How you can play a lot of instruments easily

First off, Let me address an oppressive issue in our school system. Yes, you guessed it! Recorders! Schools hand out recorders as a test to see whether or not the pupils are interested in music. Recorders! They have a unique layout that isn't, to the best my knowledge, shared with any other instrument outside of its family. And they're so ludicrously boring. Don't get me wrong, they're great instruments, and there are many talented and wonderful pieces which fit well with the recorder family, but for a typical everyday school student, how could they be interested unless they're already into it?


I propose handing students penny whistles instead (unless they're worried about children hitting and stabbing themselves with metal instruments). Hear me out on this! Here are my reasons:

For one, they're cheap. Really cheap for a decent sound. Secondly, they share a common key signature. If you buy a whistle, chances are it's in the key of D, which is shared throughout many music types and music genres. Not only that, they also share the same scale as a lot of diatonic instruments. Starts on a D note and ends on a D note, following up the octaves by removing one finger at a time until you get to the 2nd D, which then is back to having all wholes covered. No weird fingering like recorders have.


This leads us to the article's title...

Since whistles have have the same scale, they have a lot more in common with many other instruments, such as diatonic reed, violins, mandolins, cellos, and more. They all start on the first note of whichever key they are in, then go up the scale. If you can play a whistle, you can play a penny whistle. You can practically play all of them! This goes for violins too. A violin has four strings, G-D-A-E (low to high). The tuning is the same for mandolins and cellos. Violas however, use a different tuning: C-G-D-A, so they're the odd one (not to mention viola players). When only considering these few string instruments, guittars (yes, that's the correct spelling! Unless you're spanish) almost become the recorder of this handful of strung instruments. Diatonic reed instruments, i.e. melodeons, diatonic button accordions (same thing but have more than one row), anglo concertinas (anglos are usually G/C), (a lot of) harmonicas etc share the exact same note layout. However, with whistles, they're technically chromatic no matter what key it's in. If you have a whistle that's in the key of C, you have all the white notes and all the black ones by half covering the holes. So the key signatures are more for convenience and ease of use if that's the key you'll be playing in the most.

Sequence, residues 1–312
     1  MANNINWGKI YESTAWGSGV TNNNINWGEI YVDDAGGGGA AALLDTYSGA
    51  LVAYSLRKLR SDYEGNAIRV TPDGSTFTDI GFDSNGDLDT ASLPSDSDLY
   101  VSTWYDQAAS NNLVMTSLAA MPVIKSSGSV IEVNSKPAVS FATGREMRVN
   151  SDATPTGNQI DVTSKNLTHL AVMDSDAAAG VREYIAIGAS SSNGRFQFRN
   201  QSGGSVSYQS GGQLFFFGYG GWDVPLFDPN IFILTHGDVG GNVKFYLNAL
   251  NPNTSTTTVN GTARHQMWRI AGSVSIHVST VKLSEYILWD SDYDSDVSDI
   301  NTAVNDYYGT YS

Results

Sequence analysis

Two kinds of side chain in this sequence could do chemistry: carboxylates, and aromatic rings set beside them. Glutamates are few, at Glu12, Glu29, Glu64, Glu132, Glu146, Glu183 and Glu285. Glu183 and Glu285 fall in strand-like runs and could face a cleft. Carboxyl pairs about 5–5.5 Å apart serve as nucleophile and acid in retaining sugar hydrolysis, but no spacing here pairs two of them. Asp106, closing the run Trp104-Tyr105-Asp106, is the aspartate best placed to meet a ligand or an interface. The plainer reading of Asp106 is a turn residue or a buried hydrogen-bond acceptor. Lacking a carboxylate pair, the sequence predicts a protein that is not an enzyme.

Chromatic instruments are a different story... Diatonic instruments only have one key per row. Melodeons only have one row, so they only have one key to offer. The same goes for whistles unless you play two at the same time. Or, if you're professional, use your vocal chords as a compliment. Diatonic button accordions generally have two rows. In England, the default keys are D/G. D on the outer row, G on the inner row. (If the rows were swapped, it would be a 'G/D'). You can get models with three rows, but these are almost chromatic, meaning you have all of the notes available to you. So a diatonic button accordion with four rows would be fully chromatic, making it a button accordion effectively. But that being said, these share the same system as piano accordions, having each button the same note whether push or pull. On diatonic button accordions and melodeons the starting note is on a push with every other note on the pull. Because all of the notes are available on chromatic instruments this means that note layouts vary widely. Take guittars for instance, though here I'm talking mainly about note arrangement and fingering, not chords. All instruments with a piano keyboard have, obviously, the same layout. Hurdy Gurdy's share this layout too! They started off only in the key of C originally, chromatic layouts have been around for more than long enough now though for this not to be significant. Take nyckelharpor ('nycelharpa' is singular while 'harpor' is plural) for instance. They're unusual aren't they? A miniature violin bow, keys (the things you press to make a noise this time) like instruments from the Hurdy Gurdy family but many more, a lot more in number, but just without the wheel mechanism. But oh! Are they beautiful!

You've probably guessed by now that I'm a folk musician... I have experience with a number of these instruments, couple that, with enough knowledge albeit visual, audial or just from reading, you can get a tune out of any instrument. It won't necessarily sound good at first unless you're already familiar with it. like, I play a whistle, so I know about air control. I play an anglo concertina and a diatonic button accordion, so I know about the layout of harmonicas. Just a quick up and down the scale and you're good to go.

But the elephant in the room is the understanding of it all. That part is up to you, and is also the part that determines whether or not instruments are for you. Getting an, or the understanding isn't something you learn, or find. It just happens. There is a story of a great violinist who was in an orchestra... couldn't for the life of him play a mandolin, which is bonkers because, other than a mando being plectrumed and the other being bowed, they're the same instrument. Everybody is different, everybody learns differently, everybody posesses different tastes, tallent and skill. Work out what yours are and use them how you see fit. Not how your teacher wants you to. And make sure you learn how to play by ear, or likely you'll be ruined later in life. Nobody wants someone who cannot play a dime without lugging tons of sheet music and a stand everywhere they go. 😊